Interactive using external trigger. However with trigger. Interactive mode of

little modification in firmware this reading spends too much time in

option can be made available in the the communication between

system. reader and the host PC.
Autonomous mode saves the
time spent in communication
between the host and reader
while the acquisition is on.
Power ERP 3.2 W@ 8dbi antenna - Can be 2 W - Can be varied
Tag ID TagID is unique and is given at the Tag ID itself is user defined in
time of manufacture of tags- to the EPC C1G2 tags.
provide a user defined ID to the tags
it is necessary to use some amount
of tag data. Reading 10
alphanumeric characters of tag data
along with tag ID doubles the read
time, making the application
drastically slower

Tag Memory 2048 bits (256 bytes out of which96 bits is user programmable. -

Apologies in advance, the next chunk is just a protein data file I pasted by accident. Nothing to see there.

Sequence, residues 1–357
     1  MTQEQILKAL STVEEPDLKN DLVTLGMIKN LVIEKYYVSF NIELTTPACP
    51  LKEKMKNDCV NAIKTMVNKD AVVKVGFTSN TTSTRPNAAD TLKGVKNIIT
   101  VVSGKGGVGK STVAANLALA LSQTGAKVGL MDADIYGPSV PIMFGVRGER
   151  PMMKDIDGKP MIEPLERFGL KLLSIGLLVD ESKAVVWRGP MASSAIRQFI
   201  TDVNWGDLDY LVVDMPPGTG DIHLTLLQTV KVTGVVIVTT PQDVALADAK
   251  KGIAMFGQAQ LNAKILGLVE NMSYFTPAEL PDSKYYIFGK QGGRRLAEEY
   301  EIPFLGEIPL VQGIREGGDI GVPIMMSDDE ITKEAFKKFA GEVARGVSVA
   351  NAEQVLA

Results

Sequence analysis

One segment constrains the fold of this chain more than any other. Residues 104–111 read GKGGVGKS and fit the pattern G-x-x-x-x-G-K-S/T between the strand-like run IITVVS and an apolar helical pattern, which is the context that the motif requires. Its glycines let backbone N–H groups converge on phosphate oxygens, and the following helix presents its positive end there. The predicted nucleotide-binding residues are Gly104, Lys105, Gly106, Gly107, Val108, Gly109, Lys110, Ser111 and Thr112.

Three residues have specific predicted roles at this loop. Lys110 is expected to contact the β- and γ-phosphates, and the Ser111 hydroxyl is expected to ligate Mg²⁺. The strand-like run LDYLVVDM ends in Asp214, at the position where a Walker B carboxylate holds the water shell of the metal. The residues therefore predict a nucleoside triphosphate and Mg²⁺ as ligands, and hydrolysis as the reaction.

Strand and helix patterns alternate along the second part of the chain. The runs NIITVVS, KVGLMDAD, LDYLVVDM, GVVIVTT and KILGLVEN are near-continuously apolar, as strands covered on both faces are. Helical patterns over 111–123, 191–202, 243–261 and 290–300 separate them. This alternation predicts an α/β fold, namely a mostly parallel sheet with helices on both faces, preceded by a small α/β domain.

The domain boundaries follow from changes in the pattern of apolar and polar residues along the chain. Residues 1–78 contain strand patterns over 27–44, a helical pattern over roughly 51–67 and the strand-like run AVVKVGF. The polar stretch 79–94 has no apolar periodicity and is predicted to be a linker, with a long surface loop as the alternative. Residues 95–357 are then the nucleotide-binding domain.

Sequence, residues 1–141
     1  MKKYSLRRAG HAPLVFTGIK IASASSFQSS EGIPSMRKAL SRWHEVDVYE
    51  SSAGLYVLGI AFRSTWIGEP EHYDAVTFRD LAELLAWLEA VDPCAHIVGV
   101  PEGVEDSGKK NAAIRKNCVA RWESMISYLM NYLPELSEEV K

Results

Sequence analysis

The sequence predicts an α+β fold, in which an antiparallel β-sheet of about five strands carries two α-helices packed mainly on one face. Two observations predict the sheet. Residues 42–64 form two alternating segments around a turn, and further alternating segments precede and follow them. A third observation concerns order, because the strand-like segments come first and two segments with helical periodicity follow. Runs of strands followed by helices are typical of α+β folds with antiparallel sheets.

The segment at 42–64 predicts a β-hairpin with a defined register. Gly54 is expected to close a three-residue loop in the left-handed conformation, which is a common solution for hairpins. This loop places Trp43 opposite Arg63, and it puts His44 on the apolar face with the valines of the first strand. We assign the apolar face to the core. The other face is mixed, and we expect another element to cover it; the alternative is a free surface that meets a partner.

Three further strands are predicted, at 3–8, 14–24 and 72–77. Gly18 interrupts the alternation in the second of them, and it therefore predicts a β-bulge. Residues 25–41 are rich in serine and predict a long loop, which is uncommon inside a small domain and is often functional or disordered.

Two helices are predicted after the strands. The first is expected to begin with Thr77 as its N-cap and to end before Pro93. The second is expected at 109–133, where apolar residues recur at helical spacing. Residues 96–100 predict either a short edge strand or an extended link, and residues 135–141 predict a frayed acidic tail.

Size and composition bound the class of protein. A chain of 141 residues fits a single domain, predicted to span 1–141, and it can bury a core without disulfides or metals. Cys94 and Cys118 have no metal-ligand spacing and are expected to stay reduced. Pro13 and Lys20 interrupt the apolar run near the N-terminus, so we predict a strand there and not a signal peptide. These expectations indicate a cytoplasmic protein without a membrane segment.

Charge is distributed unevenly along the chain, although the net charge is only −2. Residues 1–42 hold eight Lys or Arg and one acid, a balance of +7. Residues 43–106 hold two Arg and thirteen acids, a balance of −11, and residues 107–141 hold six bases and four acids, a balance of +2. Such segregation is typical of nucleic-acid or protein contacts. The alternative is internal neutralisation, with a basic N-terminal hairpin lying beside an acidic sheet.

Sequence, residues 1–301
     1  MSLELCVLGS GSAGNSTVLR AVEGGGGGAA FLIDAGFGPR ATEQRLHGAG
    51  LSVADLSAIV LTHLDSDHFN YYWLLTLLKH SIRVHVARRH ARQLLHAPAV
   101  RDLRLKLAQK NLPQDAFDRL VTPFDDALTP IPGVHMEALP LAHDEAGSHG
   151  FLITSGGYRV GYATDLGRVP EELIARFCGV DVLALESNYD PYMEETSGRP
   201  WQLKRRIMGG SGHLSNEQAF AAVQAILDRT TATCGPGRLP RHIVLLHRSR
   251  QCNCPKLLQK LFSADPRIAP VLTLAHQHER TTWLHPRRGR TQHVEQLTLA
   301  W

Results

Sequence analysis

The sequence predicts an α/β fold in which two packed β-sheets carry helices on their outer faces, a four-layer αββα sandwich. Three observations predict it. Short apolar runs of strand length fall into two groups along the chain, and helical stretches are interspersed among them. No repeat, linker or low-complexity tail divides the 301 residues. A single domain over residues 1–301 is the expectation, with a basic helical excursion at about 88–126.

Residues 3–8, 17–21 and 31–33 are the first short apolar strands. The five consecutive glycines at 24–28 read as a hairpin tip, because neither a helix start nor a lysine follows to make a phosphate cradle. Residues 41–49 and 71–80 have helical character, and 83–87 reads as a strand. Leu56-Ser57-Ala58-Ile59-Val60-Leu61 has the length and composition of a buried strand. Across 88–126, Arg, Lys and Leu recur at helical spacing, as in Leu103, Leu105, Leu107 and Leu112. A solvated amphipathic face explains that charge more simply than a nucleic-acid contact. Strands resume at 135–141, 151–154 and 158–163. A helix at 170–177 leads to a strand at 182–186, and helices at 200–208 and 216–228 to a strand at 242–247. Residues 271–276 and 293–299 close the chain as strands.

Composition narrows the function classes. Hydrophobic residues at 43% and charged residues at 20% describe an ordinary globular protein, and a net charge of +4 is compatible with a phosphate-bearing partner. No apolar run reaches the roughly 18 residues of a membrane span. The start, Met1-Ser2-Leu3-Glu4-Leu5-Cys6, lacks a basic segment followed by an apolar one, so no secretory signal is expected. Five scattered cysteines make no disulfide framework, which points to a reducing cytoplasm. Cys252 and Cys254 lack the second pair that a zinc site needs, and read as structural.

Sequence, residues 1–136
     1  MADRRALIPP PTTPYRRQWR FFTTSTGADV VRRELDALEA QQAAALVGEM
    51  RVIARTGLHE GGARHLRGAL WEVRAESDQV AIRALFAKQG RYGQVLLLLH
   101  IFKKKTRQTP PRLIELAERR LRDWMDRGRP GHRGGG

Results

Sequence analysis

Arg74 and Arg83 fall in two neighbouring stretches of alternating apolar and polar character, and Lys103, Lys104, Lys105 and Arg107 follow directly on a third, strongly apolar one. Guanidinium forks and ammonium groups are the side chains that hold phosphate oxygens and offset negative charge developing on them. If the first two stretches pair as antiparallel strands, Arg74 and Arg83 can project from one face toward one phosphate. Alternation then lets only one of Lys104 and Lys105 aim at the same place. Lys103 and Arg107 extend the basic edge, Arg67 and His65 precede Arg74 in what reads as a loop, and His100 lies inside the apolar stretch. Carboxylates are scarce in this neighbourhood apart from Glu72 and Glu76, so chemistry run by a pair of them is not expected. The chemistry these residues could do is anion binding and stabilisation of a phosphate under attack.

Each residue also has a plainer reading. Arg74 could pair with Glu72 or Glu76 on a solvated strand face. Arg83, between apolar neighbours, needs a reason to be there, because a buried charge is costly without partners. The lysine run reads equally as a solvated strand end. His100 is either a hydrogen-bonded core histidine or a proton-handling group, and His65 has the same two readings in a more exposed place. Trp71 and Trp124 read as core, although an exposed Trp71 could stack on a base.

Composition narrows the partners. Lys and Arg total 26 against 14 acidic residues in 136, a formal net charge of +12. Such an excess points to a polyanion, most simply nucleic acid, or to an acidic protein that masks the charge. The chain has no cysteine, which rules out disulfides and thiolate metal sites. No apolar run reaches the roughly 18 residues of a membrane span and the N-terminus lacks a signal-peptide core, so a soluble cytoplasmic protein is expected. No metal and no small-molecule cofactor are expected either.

216 bytes are user defined) – in 16 alphanumeric characters can
be stored – can be used only for
view of larger memory, maintenance
vehicle identification
schedule dates may also be stored.
Reading speed ~75kmph - limitation is on account
~150kmph – not tried on
(for 12 characters of wagons due to effect of stiffeners.
wagons. However the system is
of vehicle ID data) faster than CAEN as it is multi-
static and can work in Global
Scroll mode.
Reading range ~ 6 meters ~ 6 meters
Performance is affected by metallic Performance is affected by
surroundings metallic surroundings
Trans./ Rec. Rates 40/160 kbps 80/80 kbps

General Observations:
The operating environment plays a very important role while designing and implementing an
RFID application. Metal objects and electrical noise in the vicinity of tags, extreme operating
temperatures, presence of liquids and physical obstructions can seriously affect the

performance of the system. To have a reliable RFID system it is very important to do a detailed
site survey and carry out extensive trials. The following observations were made during the

trials: -
As the performance of the system is affected by metallic surroundings, it was easier to read